THE Bermuda government’s decision to ban same-sex marriages in this British Overseas Territory nine months after the Supreme Court gave them the green light is to be tested next month (May) according to a Jamaica Observer report.
Chief Justice Ian Kawaley will hear the civil case brought by gay Bermudian Rod Ferguson, a 38-year-old singer and stand-up comedian who lives in the US, against Attorney-General Kathy Simmons on May 21 and 22.
Ferguson’s lawsuit, filed on February 15, claims that the new Domestic Partnership Act – piloted through the House of Assembly last year by Home Affairs Minister Walton Brown – is unconstitutional and will subject gay people to “inhumane or degrading treatment” by denying them the right to wed.
He is seeking to have the legislation declared void by the court, on the basis that it is inconsistent with his fundamental rights as set out in the Bermuda constitution.
The Domestic Partnership Act was passed in parliament in December – first by the House and then the Senate – and given royal assent by Governor John Rankin on February 7, but has yet to come into effect.
THE Miami Herald reported on March 30, 2018, that an upsurge in evangelical activity in Costa Rica could well see Fabricio Alvarado Muñoz, above, winning its upcoming Presidential election.
His popularity, the paper reported, “is part of the growing tide of evangelical political power in Latin America – a force that is helping make Central America one of the most socially conservative swaths of the hemisphere.
Muñoz promised he’d challenge the rights of same-sex couples, consider withdrawing from the Inter-American Human Rights Court and uphold the country’s rigid anti-abortion laws.
A former government minister and fiction writer, Quesada, 38, won 61 percent of the vote with results in from 95 percent of polling stations, a far bigger lead than predicted by opinion polls that foresaw a tight race. He said: “My commitment is to a government for everybody, in equality and liberty for a more prosperous future. There is much more that unites us than divides us."
Muñoz, a 43-year-old former TV journalist known for cheesy religious dance songs, quickly conceded, sinking to his knees, arms raised, in front of supporters, some of them crying. Quesada will be the youngest president in the modern history of Costa Rica when he takes office in May.
Also known for his student prog-rock band, he used the campaign to appeal to his country’s centrist streak. His vice-presidential candidate, Epsy Campbell, will be the country’s first Afro-Costa Rican to serve in that role.
The Miami Herald report said that, driven by “conservative values”, Central America has adopted some of the most restrictive reproductive laws on the books.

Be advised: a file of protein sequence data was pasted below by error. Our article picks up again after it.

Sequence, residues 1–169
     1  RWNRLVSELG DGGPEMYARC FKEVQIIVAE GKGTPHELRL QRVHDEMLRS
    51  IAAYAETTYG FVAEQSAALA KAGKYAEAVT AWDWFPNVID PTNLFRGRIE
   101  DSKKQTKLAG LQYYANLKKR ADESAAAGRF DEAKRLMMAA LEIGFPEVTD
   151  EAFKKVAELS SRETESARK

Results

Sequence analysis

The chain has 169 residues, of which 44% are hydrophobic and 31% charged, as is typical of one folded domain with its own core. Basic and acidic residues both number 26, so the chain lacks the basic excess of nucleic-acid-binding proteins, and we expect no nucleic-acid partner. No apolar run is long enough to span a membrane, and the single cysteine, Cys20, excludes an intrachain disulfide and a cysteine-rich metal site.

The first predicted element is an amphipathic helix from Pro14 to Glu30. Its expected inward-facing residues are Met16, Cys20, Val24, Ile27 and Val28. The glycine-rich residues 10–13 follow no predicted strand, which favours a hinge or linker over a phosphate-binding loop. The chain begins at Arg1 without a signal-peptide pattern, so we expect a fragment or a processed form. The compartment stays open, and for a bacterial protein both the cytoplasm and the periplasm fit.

In Costa Rica, women can have abortions only if they can prove their life or health is at risk. In Guatemala, Mexico and Panama abortions are allowed only to save a mother’s life. And in El Salvador, Honduras and Nicaragua, abortion isn’t legal under any circumstance.
The first round vote came just weeks after the Inter-American Court of Human Rights, which is based in San José, ruled that its 25 member nations must allow same-sex marriage.
It also ruled that Costa Rica has an obligation to extend property rights to same-sex couples, and allow transgender citizens to change their names on identity documents.
While the Costa Rican government agreed to comply, Muñoz and his National Reformation Party (NRP) campaigned on resisting that ruling and threatening to break with the regional body altogether. Costa Rica “accidentally” approved same-sex unions in 2013. And in 2015 a Costa Rican judge granted the first openly gay common-law marriage in Central America.
While Muñoz’s rhetoric delighted evangelical homophobes, it sparked alarm in civil rights circles. Carlos Ponce, the Director of Latin America programmes at Freedom House, a US based non-profit, said in a statement:
“The homophobic campaign promises on behalf of the NRP represent a potentially dramatic change for Costa Rica, from a place of safety for LGBT persons to a potentially hostile environment.” Costa Rica is often viewed as one of the more progressive and liberal countries in the region, said Constantino Urcuyo, a television commentator and political science professor at the University of Costa Rica.
“But on issues that start from the waist down, the country is very conservative.”
He added that evangelical movements had done a better job than the Catholic Church of harnessing those views on abortion, divorce and same-sex marriage.
“The Catholic Church has failed as a business in terms of retaining its clients. Its marketing tools are primitive and old, but [the evangelicals] are very good at religious marketing.”
MARCUS ROBINSON predicts that the Ozanne Foundation, named after JAYNE OZANNE, above, an LGBT member of the C of E’s ruling General Synod, will widen the rift between progressive and conservative members of an already fragmented church.
The C of E is exempt from equality laws meaning it can discriminate on the basis of religion, requiring candidates for certain roles to be Christian. However it can also discriminate over sex, sexuality, marital history and gender identity. Said Bayes: “We want to ask the churches to answer the question – if we mean what we say about opposing homophobia, if we believe what we say about wanting to include everyone, if we believe that God made every one as they are, then what does that imply for our public polices?